Base58 symbol chart. The Base58 symbol chart used in Bitcoin is specific to the Bitcoin project and is not intended to be the same as any other Base58 implementation used outside the context of Bitcoin (the characters excluded are: 0, O, I, and l). For most of its history, Bitcoin has relied on base58 addresses with a truncated double-SHA256 checksum. They were part of the original software and their scope was extended in BIP13 for Pay-to-script-hash . However, both the character set and the checksum algorithm have limitations: Coinbase is a secure platform that makes it easy to buy, sell, and store cryptocurrency like Bitcoin, Ethereum, and more. Based in the USA, Coinbase is available in over 30 countries worldwide. Base58 is a binary-to-text encoding created by Satoshi Nakamoto for Bitcoin addresses. Base58 is a more human-friendly encoding than Base64 because some similar characters are omitted to avoid confusion when printed. What are the characters used in Base58 encoding? The characters used in Base58 encoding are as the following. Base58 algorithm is a group of binary-to-text encoding schemes used to represent large integers as alphanumeric text. Base58 is widely used in Bitcoin, blockchain and cryptocurrency community. Take a look how to decode and encode Base58.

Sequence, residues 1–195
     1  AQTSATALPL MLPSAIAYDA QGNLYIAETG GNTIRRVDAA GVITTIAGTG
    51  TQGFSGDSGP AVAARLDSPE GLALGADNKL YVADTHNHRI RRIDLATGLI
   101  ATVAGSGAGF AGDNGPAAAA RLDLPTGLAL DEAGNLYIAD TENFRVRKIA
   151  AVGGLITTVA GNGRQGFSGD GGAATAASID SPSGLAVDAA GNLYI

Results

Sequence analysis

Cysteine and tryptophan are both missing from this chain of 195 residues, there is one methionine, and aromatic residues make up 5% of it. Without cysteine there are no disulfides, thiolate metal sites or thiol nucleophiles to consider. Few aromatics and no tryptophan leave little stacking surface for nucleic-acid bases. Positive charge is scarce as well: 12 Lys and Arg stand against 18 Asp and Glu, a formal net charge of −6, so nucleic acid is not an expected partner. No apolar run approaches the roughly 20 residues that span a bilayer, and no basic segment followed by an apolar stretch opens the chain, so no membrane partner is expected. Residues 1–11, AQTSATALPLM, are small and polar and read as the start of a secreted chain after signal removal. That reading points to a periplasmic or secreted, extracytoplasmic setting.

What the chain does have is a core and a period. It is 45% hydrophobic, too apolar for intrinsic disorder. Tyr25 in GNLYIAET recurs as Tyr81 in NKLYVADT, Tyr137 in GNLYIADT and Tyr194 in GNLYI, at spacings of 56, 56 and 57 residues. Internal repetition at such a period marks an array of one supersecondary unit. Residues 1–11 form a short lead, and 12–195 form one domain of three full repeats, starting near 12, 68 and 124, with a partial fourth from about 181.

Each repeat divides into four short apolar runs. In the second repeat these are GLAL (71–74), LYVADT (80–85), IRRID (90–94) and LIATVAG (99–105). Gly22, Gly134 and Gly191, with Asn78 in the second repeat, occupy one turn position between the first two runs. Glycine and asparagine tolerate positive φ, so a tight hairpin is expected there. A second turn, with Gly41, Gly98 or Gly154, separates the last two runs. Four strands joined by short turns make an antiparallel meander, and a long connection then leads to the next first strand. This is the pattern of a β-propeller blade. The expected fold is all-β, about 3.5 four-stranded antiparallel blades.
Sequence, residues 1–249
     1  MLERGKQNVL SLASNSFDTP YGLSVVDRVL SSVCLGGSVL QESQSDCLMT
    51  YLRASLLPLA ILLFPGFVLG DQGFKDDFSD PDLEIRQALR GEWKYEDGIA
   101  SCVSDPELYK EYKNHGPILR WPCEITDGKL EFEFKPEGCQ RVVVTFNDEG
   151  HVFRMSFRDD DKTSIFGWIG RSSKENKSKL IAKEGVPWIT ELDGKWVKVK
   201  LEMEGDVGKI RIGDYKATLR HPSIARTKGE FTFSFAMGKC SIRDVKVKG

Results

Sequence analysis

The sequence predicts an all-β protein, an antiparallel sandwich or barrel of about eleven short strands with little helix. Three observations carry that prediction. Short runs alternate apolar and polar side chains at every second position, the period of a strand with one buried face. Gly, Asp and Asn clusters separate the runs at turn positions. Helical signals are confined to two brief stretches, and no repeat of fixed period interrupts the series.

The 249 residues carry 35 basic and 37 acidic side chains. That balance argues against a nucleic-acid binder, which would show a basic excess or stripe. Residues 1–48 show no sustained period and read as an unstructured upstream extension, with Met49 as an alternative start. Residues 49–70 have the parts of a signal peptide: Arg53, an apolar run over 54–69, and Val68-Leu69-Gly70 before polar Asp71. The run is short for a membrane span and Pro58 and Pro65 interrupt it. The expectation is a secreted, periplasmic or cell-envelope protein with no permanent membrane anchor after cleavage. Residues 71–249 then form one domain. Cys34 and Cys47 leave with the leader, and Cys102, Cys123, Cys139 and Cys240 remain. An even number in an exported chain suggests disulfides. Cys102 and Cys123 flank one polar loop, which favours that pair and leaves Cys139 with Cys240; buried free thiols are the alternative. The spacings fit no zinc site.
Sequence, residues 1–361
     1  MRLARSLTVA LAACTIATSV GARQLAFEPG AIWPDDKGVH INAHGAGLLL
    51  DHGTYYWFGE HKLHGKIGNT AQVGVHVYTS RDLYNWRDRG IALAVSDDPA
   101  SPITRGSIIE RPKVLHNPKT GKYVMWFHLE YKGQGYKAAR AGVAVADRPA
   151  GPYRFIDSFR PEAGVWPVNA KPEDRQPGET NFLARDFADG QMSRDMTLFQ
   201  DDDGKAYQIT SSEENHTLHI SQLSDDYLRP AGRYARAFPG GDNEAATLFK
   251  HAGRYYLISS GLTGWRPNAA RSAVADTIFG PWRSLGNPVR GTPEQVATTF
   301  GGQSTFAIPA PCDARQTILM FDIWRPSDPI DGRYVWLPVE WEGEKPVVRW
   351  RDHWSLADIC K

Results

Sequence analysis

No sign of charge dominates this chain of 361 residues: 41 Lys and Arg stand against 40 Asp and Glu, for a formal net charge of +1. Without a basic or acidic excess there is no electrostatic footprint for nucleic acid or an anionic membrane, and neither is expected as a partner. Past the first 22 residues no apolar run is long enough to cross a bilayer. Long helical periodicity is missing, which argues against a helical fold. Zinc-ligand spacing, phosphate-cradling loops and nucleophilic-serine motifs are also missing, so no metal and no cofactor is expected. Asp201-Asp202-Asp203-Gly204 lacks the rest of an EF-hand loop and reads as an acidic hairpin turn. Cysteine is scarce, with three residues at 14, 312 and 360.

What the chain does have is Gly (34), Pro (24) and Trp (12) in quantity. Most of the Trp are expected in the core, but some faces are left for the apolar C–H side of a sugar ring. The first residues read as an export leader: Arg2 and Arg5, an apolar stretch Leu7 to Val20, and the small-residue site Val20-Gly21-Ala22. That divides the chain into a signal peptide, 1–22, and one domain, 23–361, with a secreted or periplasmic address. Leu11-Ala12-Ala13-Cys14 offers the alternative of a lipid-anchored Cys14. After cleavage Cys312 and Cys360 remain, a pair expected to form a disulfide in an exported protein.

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Elegant Electronic TimeStamping Solution